As parents, you want to hear the truth from your kids, but more importantly you probably want them to feel they are able to share it with you. For most parents teaching their child to be honest is so that they are able to take responsibility when they make a mistake, especially mistakes that might affect some else. By learning how to own up to the truth, children are able to learn from their mistakes. So, when your child hits the lying phase, it can understandably cause you to want to increase punishment to curb this behavior; however, a new study published in Child Development reported that kids actually will lie more often and more effectively when they know they will be punished for the mistake.
How can you approach lying by keeping your goals in mind for wanting your child to be honest about their behavior? It is common for many parents to promise their child relief from the actions they are hiding when they confess only to immediately punish them. This tells the child one thing: lie next time. Instead of this approach, you might try inviting your child to speak with you about what occurred and do not use accusatory tones as you could only reinforce their lying. After they tell you the truth, thank them for their honesty and acknowledge how difficult that must have been. Also, if you know the truth before speaking with your child, do not act like you don't. Just approach the situation in a manner that gives them an opportunity to immediately start making amends.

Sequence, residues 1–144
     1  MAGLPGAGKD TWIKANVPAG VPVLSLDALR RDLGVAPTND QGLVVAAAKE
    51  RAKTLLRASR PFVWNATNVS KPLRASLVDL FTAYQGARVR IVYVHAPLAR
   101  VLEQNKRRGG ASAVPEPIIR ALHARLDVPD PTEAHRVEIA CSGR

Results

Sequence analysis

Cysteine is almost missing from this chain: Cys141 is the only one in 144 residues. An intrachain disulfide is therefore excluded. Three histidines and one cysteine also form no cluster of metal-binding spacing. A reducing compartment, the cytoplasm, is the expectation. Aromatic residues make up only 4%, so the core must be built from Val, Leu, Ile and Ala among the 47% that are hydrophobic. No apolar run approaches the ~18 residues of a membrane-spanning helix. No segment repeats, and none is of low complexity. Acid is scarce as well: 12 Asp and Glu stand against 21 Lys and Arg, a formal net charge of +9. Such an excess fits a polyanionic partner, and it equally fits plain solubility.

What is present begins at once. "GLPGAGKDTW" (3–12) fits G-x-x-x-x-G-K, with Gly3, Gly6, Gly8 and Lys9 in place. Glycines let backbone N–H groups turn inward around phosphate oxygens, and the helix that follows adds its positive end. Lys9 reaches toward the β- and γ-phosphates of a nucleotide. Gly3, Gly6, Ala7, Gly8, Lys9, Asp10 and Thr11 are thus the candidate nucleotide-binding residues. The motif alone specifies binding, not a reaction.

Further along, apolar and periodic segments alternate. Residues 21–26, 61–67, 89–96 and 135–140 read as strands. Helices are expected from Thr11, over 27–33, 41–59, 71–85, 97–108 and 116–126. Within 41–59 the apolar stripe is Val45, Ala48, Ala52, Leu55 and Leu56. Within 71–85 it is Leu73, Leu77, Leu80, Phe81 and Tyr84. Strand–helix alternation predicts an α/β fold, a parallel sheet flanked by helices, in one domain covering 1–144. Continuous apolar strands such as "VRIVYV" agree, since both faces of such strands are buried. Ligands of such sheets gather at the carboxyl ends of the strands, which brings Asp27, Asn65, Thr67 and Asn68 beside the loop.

After your child has confessed their crimes, it is time they moved on to taking responsibility for their actions. Instead of simply telling them to state, “I'm sorry,” which is usually pretty empty and does not help your child build character, try asking them, “What do you plan to do about it?” Many times when the child is left in charge of how to make amends the results are surprisingly positive. However, if they do seem to have trouble coming up with a plan, let them know you are available with ideas they could use.
When your child is able to openly reveal their mistakes and are able to come up with a way to atone for them, they are given the opportunity to learn. What did they learn? That telling the truth is ok, and their mistakes can be remedied. Even in cases where actions cannot be undone, children can learn that owning up to them gives them the opportunity to make it better.
Finally, after your child has completed their amends, have another chat (not a lecture) with them and let them know how proud you are they told you the truth even though lying might have been easier. You could even discuss the importance of honesty and teach them why people might choose to lie. This will help your child understand him or herself a little better.
Child-Psych: "It Wasn't Me: How to Handle Your Child's Dishonesty"